Partners in Crime is the second book in the Tommy and Tuppence series by Agatha Christie. It’s a short story collection tied together by an overarching plot: Tommy and Tuppence are hired to pose as a detective firm in order to ensnare a Russian spy ring. They end up solving quite a few mysteries in between spy-hunting, playing a game of famous detective-imitation along the way. I’ve, er, never heard of most of those detectives, but I’m certainly going to track down as many as I can– they seem like a good read! A blind detective? A priest detective? A detective who fiddles with string a lot? Page-turners, surely. (If only I could find copies of them.)
Read the rest of my review under the jump.
I enjoyed reading PIC, especially coming directly from the The Secret Adversary. The stories keep pretty close to the more humorous side of things, though there are a couple that are more serious and somewhat sad, mostly because of the character deaths (not T&T, obviously). It’s not as exciting overall as The Secret Adversary, but some of the stories were very well done. I especially liked “Blindman’s Bluff,” where Tommy pretends to be the blind detective Thornley Colton and gets kidnapped by a Duke, and “The Man in the Mist” because of the unexpectedly twisty ending.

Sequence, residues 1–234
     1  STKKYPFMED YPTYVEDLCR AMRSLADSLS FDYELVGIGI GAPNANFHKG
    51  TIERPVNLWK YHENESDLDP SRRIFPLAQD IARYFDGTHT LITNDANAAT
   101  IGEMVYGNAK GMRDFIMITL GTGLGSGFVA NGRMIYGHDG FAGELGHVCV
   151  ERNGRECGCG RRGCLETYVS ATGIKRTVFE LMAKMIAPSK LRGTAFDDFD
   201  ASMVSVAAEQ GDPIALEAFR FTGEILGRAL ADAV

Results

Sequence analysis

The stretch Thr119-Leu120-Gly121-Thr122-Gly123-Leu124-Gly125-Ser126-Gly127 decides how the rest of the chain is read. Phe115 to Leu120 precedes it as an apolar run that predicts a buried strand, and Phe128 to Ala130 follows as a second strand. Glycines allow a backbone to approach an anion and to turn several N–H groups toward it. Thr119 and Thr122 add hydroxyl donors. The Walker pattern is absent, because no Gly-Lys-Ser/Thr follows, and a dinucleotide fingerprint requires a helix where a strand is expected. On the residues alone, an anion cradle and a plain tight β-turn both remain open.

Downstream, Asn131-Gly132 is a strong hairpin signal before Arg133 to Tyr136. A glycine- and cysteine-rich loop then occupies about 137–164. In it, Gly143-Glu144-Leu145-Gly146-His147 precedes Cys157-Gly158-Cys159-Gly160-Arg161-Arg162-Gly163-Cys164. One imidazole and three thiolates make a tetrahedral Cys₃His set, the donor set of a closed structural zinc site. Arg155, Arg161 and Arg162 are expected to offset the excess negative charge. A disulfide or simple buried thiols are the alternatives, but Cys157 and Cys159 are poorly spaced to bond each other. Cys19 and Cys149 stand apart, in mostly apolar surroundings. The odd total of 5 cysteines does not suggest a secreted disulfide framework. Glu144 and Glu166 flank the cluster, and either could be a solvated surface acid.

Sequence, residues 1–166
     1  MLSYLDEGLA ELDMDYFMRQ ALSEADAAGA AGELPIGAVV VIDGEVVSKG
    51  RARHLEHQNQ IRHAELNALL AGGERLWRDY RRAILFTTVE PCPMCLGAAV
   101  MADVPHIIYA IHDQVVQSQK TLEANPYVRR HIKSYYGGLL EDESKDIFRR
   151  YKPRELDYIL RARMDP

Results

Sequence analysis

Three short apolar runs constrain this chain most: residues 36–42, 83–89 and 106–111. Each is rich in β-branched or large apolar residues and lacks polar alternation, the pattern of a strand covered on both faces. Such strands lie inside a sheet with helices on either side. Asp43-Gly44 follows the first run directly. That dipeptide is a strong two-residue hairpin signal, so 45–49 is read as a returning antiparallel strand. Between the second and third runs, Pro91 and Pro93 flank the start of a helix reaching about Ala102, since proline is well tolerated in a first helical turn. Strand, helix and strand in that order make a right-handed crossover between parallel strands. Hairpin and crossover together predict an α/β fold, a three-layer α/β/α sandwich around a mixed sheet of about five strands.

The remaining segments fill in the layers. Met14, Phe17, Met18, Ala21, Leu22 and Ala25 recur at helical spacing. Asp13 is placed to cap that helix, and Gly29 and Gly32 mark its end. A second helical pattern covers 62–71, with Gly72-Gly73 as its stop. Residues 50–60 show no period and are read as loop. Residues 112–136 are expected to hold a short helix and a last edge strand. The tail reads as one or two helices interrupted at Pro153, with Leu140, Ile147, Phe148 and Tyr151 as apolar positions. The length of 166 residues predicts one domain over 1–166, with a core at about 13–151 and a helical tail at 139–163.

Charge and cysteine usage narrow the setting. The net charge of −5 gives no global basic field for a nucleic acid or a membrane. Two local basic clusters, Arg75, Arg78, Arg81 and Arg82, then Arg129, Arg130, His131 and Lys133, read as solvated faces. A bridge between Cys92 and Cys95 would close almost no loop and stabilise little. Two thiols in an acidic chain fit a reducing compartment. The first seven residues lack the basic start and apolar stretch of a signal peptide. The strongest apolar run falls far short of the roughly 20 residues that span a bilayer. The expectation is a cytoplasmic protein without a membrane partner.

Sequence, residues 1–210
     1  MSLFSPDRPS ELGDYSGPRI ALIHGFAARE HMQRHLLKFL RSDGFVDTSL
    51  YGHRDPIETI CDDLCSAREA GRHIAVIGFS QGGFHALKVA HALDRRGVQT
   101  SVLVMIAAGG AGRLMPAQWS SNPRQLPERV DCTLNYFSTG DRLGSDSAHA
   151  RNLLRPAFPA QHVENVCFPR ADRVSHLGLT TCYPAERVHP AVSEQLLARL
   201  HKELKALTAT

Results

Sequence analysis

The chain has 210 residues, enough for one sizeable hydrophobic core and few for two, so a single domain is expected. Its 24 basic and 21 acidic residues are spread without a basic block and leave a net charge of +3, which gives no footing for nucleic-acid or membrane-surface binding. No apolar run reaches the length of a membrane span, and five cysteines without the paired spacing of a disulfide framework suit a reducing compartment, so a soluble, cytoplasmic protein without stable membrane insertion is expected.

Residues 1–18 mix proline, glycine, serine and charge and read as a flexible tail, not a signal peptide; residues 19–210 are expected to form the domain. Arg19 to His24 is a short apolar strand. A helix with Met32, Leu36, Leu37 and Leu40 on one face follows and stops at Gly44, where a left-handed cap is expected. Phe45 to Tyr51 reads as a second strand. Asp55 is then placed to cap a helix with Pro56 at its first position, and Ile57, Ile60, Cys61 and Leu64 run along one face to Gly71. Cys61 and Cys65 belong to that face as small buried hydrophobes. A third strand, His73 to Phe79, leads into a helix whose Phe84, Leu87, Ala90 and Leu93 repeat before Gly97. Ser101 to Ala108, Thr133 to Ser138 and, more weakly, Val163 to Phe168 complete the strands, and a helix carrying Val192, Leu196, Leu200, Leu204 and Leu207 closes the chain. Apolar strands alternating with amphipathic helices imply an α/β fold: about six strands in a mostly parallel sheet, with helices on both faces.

Tommy and Tuppence’s relationship has changed a little since TSA, and it’s fun to see where they’re at and where they’re heading after 6 years of marriage. They’re definitely more openly affectionate, if more in words than touch, and their interaction has changed into something slightly more playful than it once was. They each play tricks on the other, and the game of Classic Detective itself is, besides a plot device, adorable and hilarious in turns. I especially liked how Tuppence doesn’t let herself get steamrolled by Tommy’s protectiveness, and how she still has just as much say in their life and activities as she did in The Secret Adversary.
Albert has followed them forward as well, and is quite an interesting little secondary character. The other minor characters are distinctive in their stories but mostly forgettable once done with, as they should be, really. The mysteries themselves range from twisty and unexpected endings to mundane but still unexpected endings. Some of them are quite exciting, but like I said, overall it’s not as exciting as TSA. Still, it was a good book to chomp through, more suited for reading during short breaks of time rather than all at once. I look forward to reading the next book in the series!
What’s your favorite pre-1950’s detective? Do you prefer them more bumbling or more clever? Did you ever want to be a detective?